In Yoruba mythology, the creation story centers around the supreme being, Olodumare, who is the creator of the universe and all living things. According to Yoruba belief, Olodumare created the earth and the sky and placed the sun, the moon, and the stars in the sky. Olodumare also created a number of other deities, known as orishas, who were responsible for various aspects of the natural world and human life.
One of the most well-known creation stories in Yoruba mythology is the story of Obatala, the orisha of creation and wisdom. According to the story, Obatala was sent by Olodumare to create the earth and all living things. Obatala used a snail shell filled with sand and water to create the earth, and he used his breath to create plants and animals. Obatala also created humans, giving them the gift of life and the ability to think and reason.
The Yoruba creation story is an important part of Yoruba culture and is passed down through oral tradition. It is often told through stories, songs, and dance, and it serves as a way to explain the origins of the world and the place of humans within it.
In the beginning the universe consisted only of the sky above, the water and wild marshland below. Olorun, the god who possessed the most power and the greatest knowledge, ruled the sky, while the goddess Olokun ruled the endless waters and wild marshes. Olokun was contented with her kingdom, even though it contained neither vegetation, animals or human beings.
However, there is a young god known as Obatala who was not satisfied. As he looked down from the sky, he said to himself, "The world below needs something of interest! Everything is water-soaked, and not one living thing enlivens the area! I must talk with Olorun and see what can be done to improve the situation." Obatala said to Olorun, "Poor Olokun rules nothing but marshland, mist, and water! What she needs in her kingdom are mountains and valleys, forests and fields. All kinds of creatures and plants could live on that solid land."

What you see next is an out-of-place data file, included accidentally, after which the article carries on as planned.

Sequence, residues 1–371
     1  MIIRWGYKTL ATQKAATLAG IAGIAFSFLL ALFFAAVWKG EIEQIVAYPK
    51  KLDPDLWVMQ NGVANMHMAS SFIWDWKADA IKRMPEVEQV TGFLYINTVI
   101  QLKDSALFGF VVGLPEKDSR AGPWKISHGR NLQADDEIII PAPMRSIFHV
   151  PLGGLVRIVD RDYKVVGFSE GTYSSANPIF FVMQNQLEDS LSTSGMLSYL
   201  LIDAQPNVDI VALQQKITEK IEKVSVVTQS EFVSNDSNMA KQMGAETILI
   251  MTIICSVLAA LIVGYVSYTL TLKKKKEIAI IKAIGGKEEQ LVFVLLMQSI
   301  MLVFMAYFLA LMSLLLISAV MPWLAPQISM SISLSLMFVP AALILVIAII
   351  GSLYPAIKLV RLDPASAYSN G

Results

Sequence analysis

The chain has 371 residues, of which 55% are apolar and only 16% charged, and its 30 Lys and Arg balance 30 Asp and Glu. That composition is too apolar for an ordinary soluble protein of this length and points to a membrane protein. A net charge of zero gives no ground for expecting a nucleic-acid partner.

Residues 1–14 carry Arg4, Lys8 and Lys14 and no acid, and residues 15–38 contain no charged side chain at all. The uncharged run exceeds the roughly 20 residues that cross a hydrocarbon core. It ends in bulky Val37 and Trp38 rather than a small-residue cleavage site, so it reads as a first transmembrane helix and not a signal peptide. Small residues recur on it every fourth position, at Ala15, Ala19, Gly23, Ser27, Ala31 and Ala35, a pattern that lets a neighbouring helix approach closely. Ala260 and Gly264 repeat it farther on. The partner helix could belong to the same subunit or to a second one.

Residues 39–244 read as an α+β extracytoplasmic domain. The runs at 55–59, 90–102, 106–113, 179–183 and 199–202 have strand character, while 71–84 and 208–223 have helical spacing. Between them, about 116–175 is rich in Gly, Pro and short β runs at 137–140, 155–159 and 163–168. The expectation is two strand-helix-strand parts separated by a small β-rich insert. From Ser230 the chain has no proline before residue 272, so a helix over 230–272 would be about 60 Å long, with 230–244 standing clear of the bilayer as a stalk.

Olorun granted Obatala request to create the universe(solid lands). So Obatala went to the house of Orunmila, the oldest son of Olorun, who had the gift of prophecy. Orunmila understood the secrets of existence, including fate and the future. Obatala said to Orunmila, "Your father has given me permission to create solid land where now nothing exists except endless water and wild marshland. With your superior knowledge, you can teach me how to begin my project. I want to populate the earth with living beings who will be able to raise crops and build villages."
Orunmila replied, "First, Obatala, you must acquire a chain of gold long enough to reach from the sky above to the waters below. Then you must fill a snail's shell with sand. Finally, you must place that shell, a white hen, a black cat, and a palm nut in a bag and carry them with you as you climb down the chain to the wild marshland. That is how I advise you to begin your project."
So there was a need for a chain, Obatala approached a goldsmith who said, to him, "I will make you a chain of the length you need if you can get the gold, I will create the chain, I do not think you will find enough gold in the sky, but ask each of the gods for whatever gold he or she possesses, and you may succeed. I wish you well!" Obatala approached the gods one by one. To each god he said, "I plan to create solid land where now there is nothing except water and wild marshland. Then I will create all sorts of plants and creatures to live on that land. Before I can begin, I need the goldsmith to make me a chain that will stretch from the sky above to the waters below. Will you contribute whatever gold you possess?" The gods were sympathetic to Obatala's cause. They gave him their gold: necklaces, bracelets, rings, and even gold dust. The goldsmith examined the gold Obatala had collected and said, "Can you not find more gold? This will not be enough!" "It is the best I can do," Obatala replied. "I have asked every god in the sky, and each has given me whatever he or she owned. Make as long a chain as you can, with a hook at one end."